I think it might just be because it's the offseason; it usually makes us focus on things in football that aren't, you know, involving throwing a football. Then again, maybe not.
I was reading Uni Watch before work, and Paul, the man running Uni Watch, did an article written for ESPN about a symposium in DC about the use of Native American stereotypes and imagery in the world of sports. It is a good read, and pretty eye-opening: it's not just white people with some percentage of Native American blood spewing off some “pride” crap. There were honest-to-John Madden modern day American Indians giving their take on the imagery in sports.
This ball has been rolling for a while now, so to speak. Many feel that the Washington football team, the Cleveland baseball team, and the Chicago Fighter-Jets need a change in logo and/or team name. (Chicago has it easy—you can make the Blackhawks a Blackhawk jet). I agree. I mean, we've committed a genocide that we won't talk about against them (part of it was the smallpox and other diseases Europeans brought over, part was Andrew Jackson, and part was the manifest destiny), so we take their stereotypes and caricatures and use them to play sports that white people made?
“In Honor of Lone Star Dietz"
Let's take the Washington Redskins for example. Really, the name is the worst out of all of them. It's like having a blackface for a logo and calling the team the Washington N-words. If that was the case, that name would have been changed in a snap, but because it's a slur towards Native Americans it's alright to keep around well into the 21st century?
Legend has it that when the Washington Redskins were originally the Boston Braves (when there was a baseball team also called that, that uses Native American imagery), former owner George Preston Marshall renamed the team the Boston Redskins “in honor” of William Henry “Lone Star” Dietz. Which is most like false, because the name change happened the same year that Dietz arrived to coach, and his record was 11-11-2. That's like the Eagles re-naming the team in honor or Ray Rhodes in 1995.
George Preston Marshall, while respected by the NFL for all the work he did improving the league, was a well documented racist. Racist to the point that he would make your racist uncle look like a saint. He refused to sign a single black person to the Redskins roster until the U.S. Department of Interior had to threaten to revoke the lease he had on D.C. Stadium (Now the RFK Memorial Stadium). Which is kinda funny, considering a quote by Marshall was that “[the Redskins] will start signing Negroes when the Harlem Globetrotters start signing whites.”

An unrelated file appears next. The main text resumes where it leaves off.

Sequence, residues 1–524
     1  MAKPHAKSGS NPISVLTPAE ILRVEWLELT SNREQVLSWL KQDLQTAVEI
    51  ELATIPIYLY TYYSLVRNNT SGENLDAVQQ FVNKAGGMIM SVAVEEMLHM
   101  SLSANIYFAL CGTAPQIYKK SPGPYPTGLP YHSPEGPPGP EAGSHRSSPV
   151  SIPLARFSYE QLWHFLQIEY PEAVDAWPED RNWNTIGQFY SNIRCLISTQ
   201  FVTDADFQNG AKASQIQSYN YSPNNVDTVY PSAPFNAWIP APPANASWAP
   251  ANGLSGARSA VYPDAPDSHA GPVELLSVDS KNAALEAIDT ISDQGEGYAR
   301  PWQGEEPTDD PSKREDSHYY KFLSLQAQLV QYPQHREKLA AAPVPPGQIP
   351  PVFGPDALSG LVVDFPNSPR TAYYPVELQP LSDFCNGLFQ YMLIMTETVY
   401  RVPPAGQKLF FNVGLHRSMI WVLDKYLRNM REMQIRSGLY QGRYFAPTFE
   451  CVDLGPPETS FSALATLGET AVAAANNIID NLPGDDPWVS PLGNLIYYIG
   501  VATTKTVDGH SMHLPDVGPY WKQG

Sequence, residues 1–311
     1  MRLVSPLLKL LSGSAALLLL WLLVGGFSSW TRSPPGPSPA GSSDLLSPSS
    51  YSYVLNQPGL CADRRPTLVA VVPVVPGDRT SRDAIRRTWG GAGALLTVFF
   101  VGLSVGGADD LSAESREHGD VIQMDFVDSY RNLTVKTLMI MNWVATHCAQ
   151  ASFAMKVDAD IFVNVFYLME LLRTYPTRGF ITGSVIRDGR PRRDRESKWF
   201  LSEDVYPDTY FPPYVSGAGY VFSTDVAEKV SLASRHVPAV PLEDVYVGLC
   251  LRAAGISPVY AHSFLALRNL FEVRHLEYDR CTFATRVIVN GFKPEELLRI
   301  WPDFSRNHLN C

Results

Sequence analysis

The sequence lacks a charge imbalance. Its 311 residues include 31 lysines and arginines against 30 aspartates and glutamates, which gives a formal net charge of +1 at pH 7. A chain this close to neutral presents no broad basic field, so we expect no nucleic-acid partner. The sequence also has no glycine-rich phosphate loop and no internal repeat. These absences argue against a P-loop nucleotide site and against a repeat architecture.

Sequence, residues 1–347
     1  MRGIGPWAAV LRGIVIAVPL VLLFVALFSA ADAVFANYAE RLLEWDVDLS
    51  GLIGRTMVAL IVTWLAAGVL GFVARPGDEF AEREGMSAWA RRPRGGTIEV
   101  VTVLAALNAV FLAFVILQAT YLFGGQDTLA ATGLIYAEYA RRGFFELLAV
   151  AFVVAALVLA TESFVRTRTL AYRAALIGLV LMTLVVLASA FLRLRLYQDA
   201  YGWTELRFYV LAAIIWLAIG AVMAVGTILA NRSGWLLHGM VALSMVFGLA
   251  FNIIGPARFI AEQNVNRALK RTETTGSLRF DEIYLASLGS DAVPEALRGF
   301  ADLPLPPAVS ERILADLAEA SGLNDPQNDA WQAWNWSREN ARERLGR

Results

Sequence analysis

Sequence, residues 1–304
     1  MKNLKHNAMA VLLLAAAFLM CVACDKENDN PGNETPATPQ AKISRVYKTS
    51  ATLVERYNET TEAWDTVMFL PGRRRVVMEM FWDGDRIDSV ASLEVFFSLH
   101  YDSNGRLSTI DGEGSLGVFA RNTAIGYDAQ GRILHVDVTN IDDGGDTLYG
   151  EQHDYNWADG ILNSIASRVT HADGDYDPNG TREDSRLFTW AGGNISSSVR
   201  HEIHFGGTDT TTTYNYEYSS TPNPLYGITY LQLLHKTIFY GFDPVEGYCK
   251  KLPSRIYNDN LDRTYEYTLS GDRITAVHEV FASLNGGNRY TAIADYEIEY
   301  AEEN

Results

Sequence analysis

Oh boy, calling black people "Negroes"? Not even your racist uncle would do that.
Time Is Always On My Side
Let's look; the Washington football team has had the racist nickname for over seventy years now. It's not like they will just up and change the name tomorrow. Hell, it won't even happen next year. This isn't like getting high schoolers to stop using slang; re-branding a team is a long process that involves lawyers, marketing, and about four boatloads of money. This isn't the same NFL as it was seventy years ago: we have superstar players, authentic jerseys to sell you, T-shirts, travel mugs, cooking utensils, socks, underwear, hats, glasses, keychains, shoelaces that all have this name and logo on it. Football teams aren't just teams—they are a business. Ask any CEO that had to oversee a merger or a name change and he'll show you his year-long prescription for Xanax. It is a pain in the balls to oversee that. And sure, the Redskins are pretty loaded, but you don't stick around for seventy years without someone getting to know your name.
The thing is, this name change will happen. It will. Just not today, or tomorrow, or probably in the next five years. Paul Lukas, at the bottom of his ESPN article, predicts fifteen years. I say that's a minimum. Until it starts hitting their pocketbooks, the Redskins will keep chugging out their official NFL branded Nike approved K-Swiss Swiss Army Knives with a Redskin logo on it and it will be brought to you by Castrol, the official motor oil of the NFL.
What Will They Become?
What would be a good new name for the Redskins? I am hoping they go with Warriors; it's simple, it fits DC, and they could work the Pentagon as a logo into it. They can keep the burgundy and gold that we love so much, and we can still watch them play the Cowboys on Monday Night Football.
However, even if they change their name, there will still be fans of that team. Sure, they'll still love to keep their Redskins jerseys and flags and such, that's okay. It'll become “collectors items” and “vintage”, and it'll be cool. But don't push something that isn't ready. Clearly, Dan Snyder and the NFL aren't really prepared to jump in and force a name change. Let's give it some time and do it right. It will happen. Trust me.